New Phase of U.S.-Canada Freight Shipment Scrutiny to Begin

ALBANY, N.Y. (AP) -- New York, New Hampshire, Vermont and Quebec will join a U.S.-Canada initiative aimed at intercepting containerized freight shipments loaded by terrorists with dangerous materials, New York Gov. George Pataki announced Thursday at a homeland security conference.

The states and Canadian province will test strategies for sharing information among federal, state and local law enforcement officials if a suspicious shipment is detected. They will also develop radiation detection capabilities for freight passing across their borders, Pataki's office said.

``A significant goal of this phase of the project will be to assess the extent that law enforcement and private security professionals can share real-time information,'' said James McMahon, New York's homeland security director.

Pataki outlined the new agreement at a regional conference Thursday of homeland security and law enforcement officials from New York, Maine, New Hampshire, Ohio, Pennsylvania, Vermont and Canada.

U.S. Attorney Glenn Suddaby said a computerized system for tracking and protecting freight containers against tampering could be in use within a couple of years. Remaining issues include business involvement and the passthrough to consumers of costs, she said.

Asa Hutchinson, the federal Department of Homeland Security's undersecretary, said his agency has tripled the number of agents patrolling the northern border since the Sept. 11, 2001, terrorist attacks. An aide said there are now 1,042.

In 2003, customs and border patrol agents stopped 103 aliens along the northern border ``for concerns involving terrorism or national security violations,'' with another 90 ``intercepts'' in 2004, Hutchinson said. Most were ``turnaways,'' denied entry to the U.S., and none was directly charged with terrorism or supporting terrorism, he said.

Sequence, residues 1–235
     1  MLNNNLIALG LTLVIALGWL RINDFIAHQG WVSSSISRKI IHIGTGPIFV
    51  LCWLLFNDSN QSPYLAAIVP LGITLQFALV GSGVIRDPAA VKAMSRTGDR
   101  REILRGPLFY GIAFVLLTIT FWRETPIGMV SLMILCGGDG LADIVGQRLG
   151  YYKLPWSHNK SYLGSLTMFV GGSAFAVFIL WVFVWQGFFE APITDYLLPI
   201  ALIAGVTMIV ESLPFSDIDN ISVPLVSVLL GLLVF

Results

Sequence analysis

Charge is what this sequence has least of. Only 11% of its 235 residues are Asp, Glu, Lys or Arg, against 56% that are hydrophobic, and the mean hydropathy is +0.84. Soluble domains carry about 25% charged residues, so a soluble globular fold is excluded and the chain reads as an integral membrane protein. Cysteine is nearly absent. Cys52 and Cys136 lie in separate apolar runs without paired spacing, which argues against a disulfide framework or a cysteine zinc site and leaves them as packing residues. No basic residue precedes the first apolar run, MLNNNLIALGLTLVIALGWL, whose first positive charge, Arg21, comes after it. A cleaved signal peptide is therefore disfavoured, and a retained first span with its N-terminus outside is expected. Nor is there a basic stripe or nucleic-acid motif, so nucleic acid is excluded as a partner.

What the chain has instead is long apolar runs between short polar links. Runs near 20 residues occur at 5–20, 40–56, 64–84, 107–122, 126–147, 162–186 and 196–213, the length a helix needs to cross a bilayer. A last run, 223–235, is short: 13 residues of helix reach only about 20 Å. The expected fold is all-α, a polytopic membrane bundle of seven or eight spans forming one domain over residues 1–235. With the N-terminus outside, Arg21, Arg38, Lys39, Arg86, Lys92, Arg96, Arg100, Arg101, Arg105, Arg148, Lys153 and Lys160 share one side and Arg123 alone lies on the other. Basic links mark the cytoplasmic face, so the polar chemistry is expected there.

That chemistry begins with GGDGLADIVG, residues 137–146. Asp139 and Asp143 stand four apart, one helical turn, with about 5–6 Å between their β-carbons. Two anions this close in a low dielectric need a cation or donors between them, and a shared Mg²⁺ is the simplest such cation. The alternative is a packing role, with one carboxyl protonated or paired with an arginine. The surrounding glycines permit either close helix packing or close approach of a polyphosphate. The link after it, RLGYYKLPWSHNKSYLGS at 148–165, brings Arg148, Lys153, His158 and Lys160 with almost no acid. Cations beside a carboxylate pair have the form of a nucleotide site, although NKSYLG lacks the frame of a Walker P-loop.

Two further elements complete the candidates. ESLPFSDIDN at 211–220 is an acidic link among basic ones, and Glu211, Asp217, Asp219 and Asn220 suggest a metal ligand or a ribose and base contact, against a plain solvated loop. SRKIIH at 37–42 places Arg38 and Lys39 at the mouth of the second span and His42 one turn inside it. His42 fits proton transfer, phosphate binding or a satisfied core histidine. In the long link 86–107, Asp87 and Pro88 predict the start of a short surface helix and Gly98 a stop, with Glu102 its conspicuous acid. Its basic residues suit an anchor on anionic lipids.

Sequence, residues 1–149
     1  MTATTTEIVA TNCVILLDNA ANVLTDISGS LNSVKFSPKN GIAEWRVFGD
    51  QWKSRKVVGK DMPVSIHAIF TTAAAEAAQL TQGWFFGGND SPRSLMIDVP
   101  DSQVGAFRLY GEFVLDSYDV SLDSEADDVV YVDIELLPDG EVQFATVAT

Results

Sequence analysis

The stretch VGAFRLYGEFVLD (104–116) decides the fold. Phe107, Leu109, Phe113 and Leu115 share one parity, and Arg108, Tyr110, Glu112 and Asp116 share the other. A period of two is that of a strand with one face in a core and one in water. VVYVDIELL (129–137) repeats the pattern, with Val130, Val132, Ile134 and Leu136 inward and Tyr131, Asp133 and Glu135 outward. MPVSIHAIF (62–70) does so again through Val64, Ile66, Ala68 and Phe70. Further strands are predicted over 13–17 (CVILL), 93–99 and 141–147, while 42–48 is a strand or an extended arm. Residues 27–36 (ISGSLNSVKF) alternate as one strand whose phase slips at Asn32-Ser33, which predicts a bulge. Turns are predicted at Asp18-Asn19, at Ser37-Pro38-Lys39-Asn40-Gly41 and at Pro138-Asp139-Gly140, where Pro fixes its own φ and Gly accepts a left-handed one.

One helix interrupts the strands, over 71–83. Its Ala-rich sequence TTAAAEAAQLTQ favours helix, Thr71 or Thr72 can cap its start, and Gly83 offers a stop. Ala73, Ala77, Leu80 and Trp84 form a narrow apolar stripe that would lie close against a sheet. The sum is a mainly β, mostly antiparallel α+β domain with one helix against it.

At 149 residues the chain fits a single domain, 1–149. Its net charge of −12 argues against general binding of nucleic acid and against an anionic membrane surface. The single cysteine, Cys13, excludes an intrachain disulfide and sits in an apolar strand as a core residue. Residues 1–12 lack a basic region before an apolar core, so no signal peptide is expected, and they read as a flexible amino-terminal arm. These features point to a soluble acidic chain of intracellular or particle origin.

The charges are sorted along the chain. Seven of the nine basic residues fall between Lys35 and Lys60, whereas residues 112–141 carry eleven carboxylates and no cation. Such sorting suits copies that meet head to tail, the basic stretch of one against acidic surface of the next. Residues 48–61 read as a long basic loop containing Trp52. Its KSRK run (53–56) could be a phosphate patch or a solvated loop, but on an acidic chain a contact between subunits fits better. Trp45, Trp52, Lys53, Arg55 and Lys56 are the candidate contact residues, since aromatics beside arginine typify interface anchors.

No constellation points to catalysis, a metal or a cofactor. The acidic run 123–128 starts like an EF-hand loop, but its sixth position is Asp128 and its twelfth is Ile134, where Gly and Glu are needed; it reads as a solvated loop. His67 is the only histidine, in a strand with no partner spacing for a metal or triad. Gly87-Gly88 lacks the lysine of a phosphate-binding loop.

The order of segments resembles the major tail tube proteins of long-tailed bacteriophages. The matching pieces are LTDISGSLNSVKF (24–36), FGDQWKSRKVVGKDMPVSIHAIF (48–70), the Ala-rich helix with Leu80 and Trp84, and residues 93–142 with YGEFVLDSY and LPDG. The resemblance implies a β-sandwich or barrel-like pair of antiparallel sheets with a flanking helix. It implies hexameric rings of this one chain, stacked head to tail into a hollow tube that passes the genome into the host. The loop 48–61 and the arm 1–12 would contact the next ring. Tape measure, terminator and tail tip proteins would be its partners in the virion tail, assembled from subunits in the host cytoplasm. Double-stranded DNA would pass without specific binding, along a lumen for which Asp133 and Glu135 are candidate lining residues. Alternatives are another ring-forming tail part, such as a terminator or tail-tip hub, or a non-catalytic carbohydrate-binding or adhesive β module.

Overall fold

The first phase of the initiative to monitor the safety of commercial traffic between Canada and the northeastern United States included an inventory of tracking and security technologies for shipping containers and the test-tracking of a shipment that originated in Slovakia.

Pataki's office said that as commercial supply routes between Canadian ports and commercial businesses in Canada and the United States are better studied, security measures can be enhanced.

Most of the world's commerce spends time in transit in the shipment containers, which can be carried on ships, trains and tractor-trailer trucks.

Pataki said one aim of the multistate and province initiative is to make sure that the flow of commercial traffic is not being unduly hampered by the security screening process.